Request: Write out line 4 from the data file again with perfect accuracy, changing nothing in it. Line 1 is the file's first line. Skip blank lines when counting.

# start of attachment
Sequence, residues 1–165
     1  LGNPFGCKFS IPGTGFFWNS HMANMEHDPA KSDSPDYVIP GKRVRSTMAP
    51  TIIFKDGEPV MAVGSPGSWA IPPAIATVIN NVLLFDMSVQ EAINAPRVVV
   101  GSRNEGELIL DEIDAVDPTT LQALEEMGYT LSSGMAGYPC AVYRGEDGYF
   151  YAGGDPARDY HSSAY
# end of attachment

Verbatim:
   101  GSRNEGELIL DEIDAVDPTT LQALEEMGYT LSSGMAGYPC AVYRGEDGYF